Chairman urges self quarantine

HUDSON–Columbia County Board of Supervisors Chairman Matt Murell urged people who migrate from New York City — where cases of COVID-19 are exploding — to Columbia County to self-quarantine for 14 days.
“We understand that people are coming here to escape the disease, but everyone should consider they are a carrier of the coronavirus,” Mr. Murell said in a March 25 press release.
On a similar note, health officials have observed that people are congregating or stopping to chat in places like the grocery store and the post office. Again, everyone is asked to conduct their business and move along, as we need to respect the space of others.
The county will issue a daily press release on the coronavirus situation every afternoon at 4, Mr. Murell said.
The releases can be found on the Columbia County website and the Facebook pages of the Board of Supervisors, Sheriff’s Office, the Department of Health, and the Emergency Operations Center.
In regards to the county Department of Health using private residences for quarantine purposes, county Director of Emergency Management David W. Harrison, Jr., said in the release, “New York State has mandated that every county have buildings ready to house county residents who cannot, for whatever reason, quarantine at home. Columbia County has been actively searching for vacant homes or appropriate residential buildings that can be used for this purpose. By being proactive in this effort, Columbia County is making every effort to contain and stop the spread of COVID-19 to the best of our ability. It is important that county residents not panic and understand that this is for the betterment of everyone.
“There are currently two locations that have been leased by the county, one in the Town of Kinderhook and one in the Town of Austerlitz. The individuals staying at these locations may be people who must quarantine due to potential exposure of someone who has tested positive for COVID-19, someone who has tested positive themselves for COVID-19 and is not required to be hospitalized or family members that need a place to stay due an immediate family member quarantining at home.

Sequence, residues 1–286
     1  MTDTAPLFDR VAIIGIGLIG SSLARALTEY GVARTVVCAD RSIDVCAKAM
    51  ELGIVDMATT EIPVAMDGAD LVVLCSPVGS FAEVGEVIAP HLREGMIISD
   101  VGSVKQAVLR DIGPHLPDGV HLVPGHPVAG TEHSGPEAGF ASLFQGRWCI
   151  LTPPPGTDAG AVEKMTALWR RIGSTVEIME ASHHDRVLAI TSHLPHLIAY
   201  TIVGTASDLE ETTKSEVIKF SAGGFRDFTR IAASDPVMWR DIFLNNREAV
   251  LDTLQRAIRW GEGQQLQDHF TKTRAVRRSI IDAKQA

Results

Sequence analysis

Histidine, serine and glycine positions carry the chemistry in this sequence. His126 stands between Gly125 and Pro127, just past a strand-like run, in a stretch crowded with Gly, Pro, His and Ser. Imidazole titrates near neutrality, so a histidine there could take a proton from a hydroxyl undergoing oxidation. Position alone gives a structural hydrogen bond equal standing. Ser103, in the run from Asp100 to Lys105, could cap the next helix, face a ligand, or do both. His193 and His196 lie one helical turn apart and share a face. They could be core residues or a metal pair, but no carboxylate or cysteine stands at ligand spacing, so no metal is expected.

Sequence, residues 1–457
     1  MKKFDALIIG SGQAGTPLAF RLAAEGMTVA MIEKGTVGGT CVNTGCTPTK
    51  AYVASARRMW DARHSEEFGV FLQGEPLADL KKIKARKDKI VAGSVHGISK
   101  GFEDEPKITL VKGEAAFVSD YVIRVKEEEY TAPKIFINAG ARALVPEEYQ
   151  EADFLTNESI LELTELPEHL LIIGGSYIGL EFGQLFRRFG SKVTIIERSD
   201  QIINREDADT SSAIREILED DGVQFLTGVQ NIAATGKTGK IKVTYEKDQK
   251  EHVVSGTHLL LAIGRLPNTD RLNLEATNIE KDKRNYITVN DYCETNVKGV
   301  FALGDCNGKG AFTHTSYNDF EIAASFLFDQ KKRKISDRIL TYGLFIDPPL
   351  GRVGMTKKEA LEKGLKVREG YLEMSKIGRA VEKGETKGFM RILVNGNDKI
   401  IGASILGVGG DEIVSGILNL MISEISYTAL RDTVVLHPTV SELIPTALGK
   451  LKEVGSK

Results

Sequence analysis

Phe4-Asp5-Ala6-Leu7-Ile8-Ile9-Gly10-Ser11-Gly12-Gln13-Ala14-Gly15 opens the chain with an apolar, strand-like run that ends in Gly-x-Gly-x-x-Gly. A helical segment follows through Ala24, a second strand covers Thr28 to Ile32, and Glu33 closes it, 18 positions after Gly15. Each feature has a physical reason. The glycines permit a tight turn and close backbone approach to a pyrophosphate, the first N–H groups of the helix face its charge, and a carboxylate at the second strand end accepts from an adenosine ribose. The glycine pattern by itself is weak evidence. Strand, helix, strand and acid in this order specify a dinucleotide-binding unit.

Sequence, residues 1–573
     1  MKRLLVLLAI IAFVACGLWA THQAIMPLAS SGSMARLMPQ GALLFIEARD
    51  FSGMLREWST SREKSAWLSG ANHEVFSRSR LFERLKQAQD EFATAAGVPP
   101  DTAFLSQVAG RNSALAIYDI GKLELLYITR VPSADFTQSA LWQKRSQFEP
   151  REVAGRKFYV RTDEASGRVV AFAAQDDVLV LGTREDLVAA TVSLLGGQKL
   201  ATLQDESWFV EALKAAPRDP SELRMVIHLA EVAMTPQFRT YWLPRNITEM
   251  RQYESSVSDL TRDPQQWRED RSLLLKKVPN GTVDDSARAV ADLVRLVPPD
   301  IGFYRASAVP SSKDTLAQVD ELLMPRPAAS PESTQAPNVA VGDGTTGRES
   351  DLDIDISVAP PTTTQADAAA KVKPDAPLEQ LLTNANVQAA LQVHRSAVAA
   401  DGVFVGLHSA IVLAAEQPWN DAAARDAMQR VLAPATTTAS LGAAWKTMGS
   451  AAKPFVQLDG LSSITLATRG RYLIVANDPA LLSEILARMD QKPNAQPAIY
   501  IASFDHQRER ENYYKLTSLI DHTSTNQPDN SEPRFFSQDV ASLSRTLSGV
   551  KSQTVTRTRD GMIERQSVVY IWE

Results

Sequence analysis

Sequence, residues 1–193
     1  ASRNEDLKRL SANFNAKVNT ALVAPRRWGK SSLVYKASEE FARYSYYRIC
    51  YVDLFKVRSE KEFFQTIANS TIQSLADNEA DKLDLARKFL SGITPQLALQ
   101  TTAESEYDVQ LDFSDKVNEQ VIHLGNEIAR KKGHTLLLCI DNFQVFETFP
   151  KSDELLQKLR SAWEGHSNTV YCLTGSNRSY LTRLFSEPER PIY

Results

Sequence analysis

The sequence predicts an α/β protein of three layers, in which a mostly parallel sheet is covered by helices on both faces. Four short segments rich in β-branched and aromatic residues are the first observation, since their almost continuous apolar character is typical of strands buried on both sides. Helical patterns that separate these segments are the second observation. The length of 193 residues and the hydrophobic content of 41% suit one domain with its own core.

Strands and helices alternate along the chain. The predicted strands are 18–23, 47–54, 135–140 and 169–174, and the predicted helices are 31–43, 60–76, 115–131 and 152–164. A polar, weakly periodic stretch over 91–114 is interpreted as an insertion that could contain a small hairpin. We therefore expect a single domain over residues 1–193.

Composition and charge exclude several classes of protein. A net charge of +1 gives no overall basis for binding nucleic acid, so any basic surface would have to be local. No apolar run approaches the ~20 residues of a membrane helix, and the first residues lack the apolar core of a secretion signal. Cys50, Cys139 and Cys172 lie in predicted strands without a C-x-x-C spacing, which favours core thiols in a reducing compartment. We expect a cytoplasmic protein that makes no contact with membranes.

“Since social distancing and other common sense cleansing practices must be the norm during the COVID-19 emergency event, these places pose no threat to neighbors or other people living in the area. As long as social distancing is practiced and there is no contact, there is no threat of contracting the virus from the people staying at these locations. We ask to remember that the people staying at these places are your fellow county residents, please respect their privacy.”
“We need to let facts drive our decisions,” Director of the county’s Department of Health Jack Mabb said in the release. “You have a better chance of catching the coronavirus walking by someone in a store than you do from someone in a house next door to you. These houses offer no danger to the adjacent community.”
As of Wednesday, Mr. Mabb said there were no new positive COVID-19 tests within the county to report. “This hasn’t changed simply because we have no test kits. The hospital had received some as of Tuesday night, but they are currently being restricted to medical and emergency response personnel, and those who arrive critically ill at the hospital. There are no hospitalizations from the virus at this time,” he said.
The statement by federal officials 10 or so days ago that everyone who wants a test will get a test
“is not true at this time,” said Mr. Mabb, adding that the turnaround time on results can range from three to six days.
Mr. Harrison noted the following websites are helpful for those seeking knowledge on the coronavirus situation. New Yorkers can now sign up for state coronavirus updates at
Those with questions about COVID-19 can ask them at
Information on the new COVID-19 paid sick leave law can be found at

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